There are several camera angles, such as a TV broadcast-style or onboard with each driver. Alternatively, increase the speed of the race above 4x, and it will switch to a map view, with coloured dots representing each car.
As the race starts, David Croft screams “…and it’s lights out and away we go”, plus 11-time Grand Prix participant Karun Chandhok will add post-race analysis.
This is added to by the use of real-world radio messages chopped up from previous seasons. If you’re managing Ferrari, for example, and tell Charles Leclerc to step up his pace a bit, Xavier Marcos Padros will come across the radio and say “mode push, mode push.”
This brought a smile to my face, an extra flourish that will hopefully delight fans – provided it doesn’t get too repetitive.
Overseeing the weekend
During a race, however, you must not get too carried away by listening out for recognisable radio calls.
There are five levels of pace you can instruct either of your drivers to perform at, always mindful of tyre usage and their proximity to rivals. Fuel conservation and ERS modes can also be tweaked on the fly as you hop back and forth between your two entrants.
Weather will change, so the possibility of mid-race unscheduled pitstops is very real, as are mistakes from other drivers that can cause safety cars. Pre-race, you can check factual historical data for the percentage chance of a race interruption.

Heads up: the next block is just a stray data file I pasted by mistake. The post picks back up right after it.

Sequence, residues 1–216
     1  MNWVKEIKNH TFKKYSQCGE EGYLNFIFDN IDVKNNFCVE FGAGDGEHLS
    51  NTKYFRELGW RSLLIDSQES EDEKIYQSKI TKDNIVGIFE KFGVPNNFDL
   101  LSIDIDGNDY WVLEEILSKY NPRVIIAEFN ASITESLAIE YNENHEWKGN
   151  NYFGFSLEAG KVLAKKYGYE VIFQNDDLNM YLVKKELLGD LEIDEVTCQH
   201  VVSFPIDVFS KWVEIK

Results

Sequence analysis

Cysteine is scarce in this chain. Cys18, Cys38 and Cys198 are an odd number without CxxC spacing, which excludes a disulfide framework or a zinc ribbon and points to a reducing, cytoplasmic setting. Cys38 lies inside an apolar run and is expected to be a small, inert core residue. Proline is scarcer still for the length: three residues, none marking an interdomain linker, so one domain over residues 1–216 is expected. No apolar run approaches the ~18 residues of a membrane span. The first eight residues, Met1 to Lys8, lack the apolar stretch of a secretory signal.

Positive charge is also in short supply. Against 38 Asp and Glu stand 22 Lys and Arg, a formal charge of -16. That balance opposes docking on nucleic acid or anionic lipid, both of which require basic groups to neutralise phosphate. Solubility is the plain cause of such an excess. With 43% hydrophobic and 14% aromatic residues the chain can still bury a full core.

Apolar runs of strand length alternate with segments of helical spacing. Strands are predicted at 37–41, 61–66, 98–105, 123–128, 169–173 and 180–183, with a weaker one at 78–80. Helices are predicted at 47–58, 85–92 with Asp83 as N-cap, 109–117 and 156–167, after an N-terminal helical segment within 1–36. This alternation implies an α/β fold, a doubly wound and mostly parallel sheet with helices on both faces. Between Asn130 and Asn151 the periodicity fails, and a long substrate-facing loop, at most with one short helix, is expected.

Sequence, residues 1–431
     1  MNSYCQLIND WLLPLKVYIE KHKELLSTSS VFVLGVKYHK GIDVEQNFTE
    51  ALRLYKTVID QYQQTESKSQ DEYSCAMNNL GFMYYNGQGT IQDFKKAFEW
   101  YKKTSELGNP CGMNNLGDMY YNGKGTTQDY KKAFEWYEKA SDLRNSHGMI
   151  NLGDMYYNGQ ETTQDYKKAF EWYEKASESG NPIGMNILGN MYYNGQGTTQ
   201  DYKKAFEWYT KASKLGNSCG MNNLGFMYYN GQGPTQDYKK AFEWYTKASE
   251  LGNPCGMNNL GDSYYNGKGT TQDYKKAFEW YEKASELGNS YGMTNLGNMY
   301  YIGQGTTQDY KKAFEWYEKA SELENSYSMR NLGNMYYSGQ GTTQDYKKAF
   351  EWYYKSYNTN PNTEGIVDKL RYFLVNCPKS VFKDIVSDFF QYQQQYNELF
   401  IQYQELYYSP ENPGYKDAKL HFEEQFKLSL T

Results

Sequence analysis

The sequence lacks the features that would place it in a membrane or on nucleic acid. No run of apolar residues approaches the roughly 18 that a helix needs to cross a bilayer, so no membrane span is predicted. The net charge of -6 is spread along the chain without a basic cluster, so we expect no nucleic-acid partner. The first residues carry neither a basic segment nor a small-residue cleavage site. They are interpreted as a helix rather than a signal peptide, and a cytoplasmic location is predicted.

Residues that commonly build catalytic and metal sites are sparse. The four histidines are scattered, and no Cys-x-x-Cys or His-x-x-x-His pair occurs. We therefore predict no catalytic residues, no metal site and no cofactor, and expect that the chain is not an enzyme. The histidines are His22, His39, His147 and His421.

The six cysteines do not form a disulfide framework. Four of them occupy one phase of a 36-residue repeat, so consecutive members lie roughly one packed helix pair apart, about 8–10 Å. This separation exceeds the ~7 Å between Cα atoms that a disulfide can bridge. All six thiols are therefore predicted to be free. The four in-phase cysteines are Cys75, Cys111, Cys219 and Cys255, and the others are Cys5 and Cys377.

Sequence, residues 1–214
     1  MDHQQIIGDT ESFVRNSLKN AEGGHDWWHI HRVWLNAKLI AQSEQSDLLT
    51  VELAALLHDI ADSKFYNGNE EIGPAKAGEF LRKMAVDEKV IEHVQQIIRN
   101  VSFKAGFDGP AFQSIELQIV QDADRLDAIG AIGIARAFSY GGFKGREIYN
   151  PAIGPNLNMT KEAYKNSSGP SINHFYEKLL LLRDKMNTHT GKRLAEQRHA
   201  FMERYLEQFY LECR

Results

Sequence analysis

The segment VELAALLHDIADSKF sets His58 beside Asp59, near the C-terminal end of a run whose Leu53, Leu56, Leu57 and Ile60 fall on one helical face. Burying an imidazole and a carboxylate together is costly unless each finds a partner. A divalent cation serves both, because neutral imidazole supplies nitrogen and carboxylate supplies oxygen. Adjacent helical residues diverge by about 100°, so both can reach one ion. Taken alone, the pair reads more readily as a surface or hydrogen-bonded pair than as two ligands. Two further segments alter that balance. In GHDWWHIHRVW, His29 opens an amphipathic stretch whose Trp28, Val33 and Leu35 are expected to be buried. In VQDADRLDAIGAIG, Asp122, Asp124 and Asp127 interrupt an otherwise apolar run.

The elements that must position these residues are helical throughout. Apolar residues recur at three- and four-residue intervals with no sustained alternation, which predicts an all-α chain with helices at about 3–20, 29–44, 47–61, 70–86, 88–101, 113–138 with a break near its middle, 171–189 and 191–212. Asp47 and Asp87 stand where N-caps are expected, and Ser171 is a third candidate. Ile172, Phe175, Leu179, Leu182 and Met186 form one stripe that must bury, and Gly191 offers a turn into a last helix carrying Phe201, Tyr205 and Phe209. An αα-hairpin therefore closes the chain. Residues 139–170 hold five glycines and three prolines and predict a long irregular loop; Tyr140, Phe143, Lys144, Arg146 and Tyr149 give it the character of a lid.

Even when it comes to the main event, you can alter specific stint lengths in the strategy options and include pace targets.
We spent an hour looking at an early build of F1 Manager 22 with Executive Producer Adam Woods and Game Director Andy Fletcher and it felt like it was only scratching the surface.
Without hands-on gameplay, it’s hard to say if this new entrant in the racing simulation genre will take on the likes of Motorsport Manager or iGP Manager – but at first glance, the fundamentals are in place to create another essential F1 gaming purchase.
F1 Manager platforms
F1 Manager 2022 will be available for PC, PlayStation 4, PlayStation 5, Xbox One and Xbox Series X|S/